Andy was born in London in 1969. He is a local sculptor and has a useful knowledge on Punk and Anarchy. He worked at the 121 Railton Road Collective bookshop in the mid to late 90's, and put on monthly rave parties there.
Andy is best described as a part time Anarchist through his love for Punk music.
Below is an abridged version of Andy's interview:
00:00 Andy talks about where he was born, his education and occupation.
00:42 Punk is a historical term that has been appropriated by the mass media to sell loads of rubbish records.
00:59 I am a part time, want-to-be Anarchist. The one idea that should link all people that claim to adhere to Anarchy's philosophy is a belief that power-hierarchy is detrimental to the human spirit. You need to organise in non-hierarchal fashions. It is very hard to do. But it's very rewarding if you can do it at least for a short amount of time.
01:35 I became an anarchist through punk rock music. I listened to the lyrics and was very impressed with their philosophical points.
01:50 I worked at 121 Railton Road for 2 yeas in the mid to late 90's in the bookshop collective. I was also part of a group that put on monthly underground rave parties there. I ddn't stay till the very end but about a year before it closed down I was still there. I left when it took a direction that I wasn't very happy with: It became known as a stopping off point for "international punk tourists", and it wasn't fulfilling a London community role.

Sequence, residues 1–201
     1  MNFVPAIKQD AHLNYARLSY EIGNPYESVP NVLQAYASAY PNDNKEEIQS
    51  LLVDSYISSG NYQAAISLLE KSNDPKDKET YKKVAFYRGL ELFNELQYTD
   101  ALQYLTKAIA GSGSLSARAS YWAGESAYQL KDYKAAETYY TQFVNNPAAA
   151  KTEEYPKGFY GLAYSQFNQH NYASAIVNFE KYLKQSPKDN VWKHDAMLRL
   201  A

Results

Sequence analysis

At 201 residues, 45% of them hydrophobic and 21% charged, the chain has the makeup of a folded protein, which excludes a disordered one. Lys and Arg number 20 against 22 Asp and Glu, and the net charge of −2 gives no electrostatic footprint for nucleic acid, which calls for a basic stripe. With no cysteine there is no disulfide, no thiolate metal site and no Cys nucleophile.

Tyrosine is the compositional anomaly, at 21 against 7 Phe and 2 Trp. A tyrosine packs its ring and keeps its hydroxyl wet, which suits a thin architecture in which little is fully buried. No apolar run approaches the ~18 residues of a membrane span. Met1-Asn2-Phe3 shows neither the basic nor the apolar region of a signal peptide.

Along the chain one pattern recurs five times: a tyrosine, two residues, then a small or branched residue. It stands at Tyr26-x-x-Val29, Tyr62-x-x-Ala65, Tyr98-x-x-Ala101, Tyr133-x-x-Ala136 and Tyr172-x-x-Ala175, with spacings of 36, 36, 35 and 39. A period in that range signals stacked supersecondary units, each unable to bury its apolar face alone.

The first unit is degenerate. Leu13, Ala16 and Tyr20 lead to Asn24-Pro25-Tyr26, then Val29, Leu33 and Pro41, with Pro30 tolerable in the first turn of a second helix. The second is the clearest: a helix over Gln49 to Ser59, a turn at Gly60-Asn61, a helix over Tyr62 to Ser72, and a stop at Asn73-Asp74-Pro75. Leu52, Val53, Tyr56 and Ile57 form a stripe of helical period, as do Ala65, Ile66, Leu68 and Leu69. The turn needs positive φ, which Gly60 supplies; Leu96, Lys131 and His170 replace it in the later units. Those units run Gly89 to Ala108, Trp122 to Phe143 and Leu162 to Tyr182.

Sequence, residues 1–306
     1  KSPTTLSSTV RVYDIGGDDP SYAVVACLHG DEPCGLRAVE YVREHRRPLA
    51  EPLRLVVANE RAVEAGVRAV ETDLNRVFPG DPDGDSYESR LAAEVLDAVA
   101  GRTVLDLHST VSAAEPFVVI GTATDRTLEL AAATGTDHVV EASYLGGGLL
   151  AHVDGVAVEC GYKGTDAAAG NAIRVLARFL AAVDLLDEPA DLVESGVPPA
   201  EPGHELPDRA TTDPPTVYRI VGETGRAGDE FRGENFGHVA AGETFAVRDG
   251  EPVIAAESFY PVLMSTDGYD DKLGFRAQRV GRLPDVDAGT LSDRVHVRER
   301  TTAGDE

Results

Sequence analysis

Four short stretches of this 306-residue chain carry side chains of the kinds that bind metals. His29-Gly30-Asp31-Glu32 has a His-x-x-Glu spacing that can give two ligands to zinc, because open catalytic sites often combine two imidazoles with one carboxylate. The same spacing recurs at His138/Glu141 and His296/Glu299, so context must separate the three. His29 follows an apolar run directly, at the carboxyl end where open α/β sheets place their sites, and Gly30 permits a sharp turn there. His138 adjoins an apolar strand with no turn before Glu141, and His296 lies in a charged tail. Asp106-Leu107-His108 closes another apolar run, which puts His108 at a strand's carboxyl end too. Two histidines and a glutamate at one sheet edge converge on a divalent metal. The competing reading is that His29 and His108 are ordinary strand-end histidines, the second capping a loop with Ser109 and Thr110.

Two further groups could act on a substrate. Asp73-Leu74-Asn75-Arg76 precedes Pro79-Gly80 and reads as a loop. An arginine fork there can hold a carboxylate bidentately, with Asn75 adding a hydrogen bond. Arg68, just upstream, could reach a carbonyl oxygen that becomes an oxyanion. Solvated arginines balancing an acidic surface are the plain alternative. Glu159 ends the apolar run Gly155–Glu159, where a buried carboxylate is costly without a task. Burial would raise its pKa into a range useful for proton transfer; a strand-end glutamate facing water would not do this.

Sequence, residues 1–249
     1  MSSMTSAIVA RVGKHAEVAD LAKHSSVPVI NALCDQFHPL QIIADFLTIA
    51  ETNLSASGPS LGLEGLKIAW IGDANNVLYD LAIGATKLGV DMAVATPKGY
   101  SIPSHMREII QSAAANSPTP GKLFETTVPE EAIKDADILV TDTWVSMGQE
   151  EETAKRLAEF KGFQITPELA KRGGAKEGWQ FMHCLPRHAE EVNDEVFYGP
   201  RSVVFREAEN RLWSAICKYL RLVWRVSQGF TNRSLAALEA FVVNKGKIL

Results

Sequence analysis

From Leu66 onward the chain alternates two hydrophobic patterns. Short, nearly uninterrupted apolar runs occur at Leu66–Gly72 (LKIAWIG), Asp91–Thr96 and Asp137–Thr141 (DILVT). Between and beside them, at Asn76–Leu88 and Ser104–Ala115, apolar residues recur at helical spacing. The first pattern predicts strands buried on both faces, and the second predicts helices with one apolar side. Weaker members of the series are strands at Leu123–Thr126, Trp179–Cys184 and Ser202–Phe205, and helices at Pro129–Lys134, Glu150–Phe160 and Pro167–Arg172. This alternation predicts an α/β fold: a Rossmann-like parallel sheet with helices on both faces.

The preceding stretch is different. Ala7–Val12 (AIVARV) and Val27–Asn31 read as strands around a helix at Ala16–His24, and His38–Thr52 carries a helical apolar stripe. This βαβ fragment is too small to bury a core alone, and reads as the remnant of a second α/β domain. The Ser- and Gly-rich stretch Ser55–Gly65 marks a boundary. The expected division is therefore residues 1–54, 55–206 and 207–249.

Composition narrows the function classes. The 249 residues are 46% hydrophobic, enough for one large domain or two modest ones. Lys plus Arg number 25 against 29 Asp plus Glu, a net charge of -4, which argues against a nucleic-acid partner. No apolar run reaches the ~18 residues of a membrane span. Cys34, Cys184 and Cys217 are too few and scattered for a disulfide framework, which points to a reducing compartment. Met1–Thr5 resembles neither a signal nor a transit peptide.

02:55 121 provided a space for various groups to be based. For example there was a radical feminist newspaper based there. An organisation that helped prisoners, the Radical Bookshop, and various other groups. It was a focal point for various communities. It was not so much a focal point for the native black Brixton community. It was more young, teenage, white, anarchic, political types.
04:33 121 helped change a lot of people's way of seeing the world. On a person to person basis it changed society and community. There are still people who were involved living in Brixton, but ideas have been disseminated from that point of the 121.
05:07 The punk social grouping came out of an initially very vague reference to anarchism and it evolved. Compared to Goths, who are mostly a-political. They may be into ideas of society but they don't necessarily want to take it any further than themselves. I don't think Punk really exists as a genuine thing anymore. It has become co-opted.
06:20 What does Babylon mean to me? I grew up listening to music and reading cyber-punk fiction. It encapsulates the military industrial complex. It is one of the contributing factors to the way the world is. Unfortunately the major contributing factor, ie we are going down the plug hole.
07:14 There are lots of different things that have had quite major effects on my life. I don't think I can give you just one event that has impacted my life.
08:05 Anarchist ideas have affected my life a lot. A belief that you don't have to screw people over to get on in life. General left-wing causes.
08:45 Even though I am 38 I don't feel like an old person. I still feel quite young. Society is changing and the youth are the first people to feel it. After 10 years of the "Neo-Conservative New Labour Project" if I was a youth of 18 today I might think that there is almost no choice in life. Perhaps that is me just forgetting how I felt when i was 18. I probably felt exactly the same way as people do who find themselves aged 18 living in London today. It is easy to forget. If you want to go against the grain you are in a tiny minority. Good luck to the youth of today!
10:35 My message to the youth of today is that time passes incredibly quickly and there is a good chance you will feel the same 20 years down the line as you do now and you won't necessarily have any more answers. Just get on with stuff. If you see an opportunity, and its not exactly the opportunity you were looking for but it is close, take it because it is worth a try.